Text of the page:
On July 7 2012, USA Today (NOT the newspaper of record, but still) ran an article entitled, “More Money, More Problems? Why rich kids hate mom, dad.” The gist was that money is an amplifier for family tension and stress. 70 percent of family businesses failed to be passed down successfully to next generations. The reasons? Rich parents didn’t say “no” enough, creating unrealistic feelings of entitlement in their kids, causing confusion and damage later. Rich parents are often rich because they’re at work and busy, and therefore don’t spend as much time with their kids, again leading to resentment. The third reason (and this reason I seriously question, given the surge of potential plutocracy in this country) is that society encourages wealthy parents to tell their kids to hide their wealth, creating confusion and tension once again. Doesn’t sound like a huge recipe for guaranteed success, although I guess it’s completely possible to hate your rich, world shaking parents and still become outrageously successful yourself.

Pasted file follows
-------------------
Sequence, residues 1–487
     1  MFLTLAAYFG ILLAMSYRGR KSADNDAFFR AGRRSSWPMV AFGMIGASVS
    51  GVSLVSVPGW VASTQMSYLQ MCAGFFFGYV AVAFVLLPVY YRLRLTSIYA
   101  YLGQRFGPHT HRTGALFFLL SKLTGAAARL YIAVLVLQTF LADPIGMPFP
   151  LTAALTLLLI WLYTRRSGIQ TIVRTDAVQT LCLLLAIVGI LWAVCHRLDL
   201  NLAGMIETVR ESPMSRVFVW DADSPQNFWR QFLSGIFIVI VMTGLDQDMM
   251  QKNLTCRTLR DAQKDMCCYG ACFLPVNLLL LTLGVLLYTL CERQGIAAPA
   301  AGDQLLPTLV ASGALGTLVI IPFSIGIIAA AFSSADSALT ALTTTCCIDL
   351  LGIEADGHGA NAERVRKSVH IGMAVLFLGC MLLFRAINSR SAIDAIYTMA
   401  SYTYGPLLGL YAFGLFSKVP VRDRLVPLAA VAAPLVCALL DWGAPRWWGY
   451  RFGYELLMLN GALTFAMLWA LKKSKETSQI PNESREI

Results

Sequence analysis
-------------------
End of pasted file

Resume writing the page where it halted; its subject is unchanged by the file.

On a more personal note, as a parent of a private school educated child, I’m puzzled by the idea that there’s this cabal of wealthy powerful people at private schools. I’m sure that they are there, of course, but my experience as a private school parent has never revolved around money or privilege.  The get togethers at Mirman School with other parents is usually interesting, but money and power is never discussed. Many of these parents are academics, doctors, lawyers, teachers, and yes, a few very financially successful businesspeople. Who never talk about it. At all.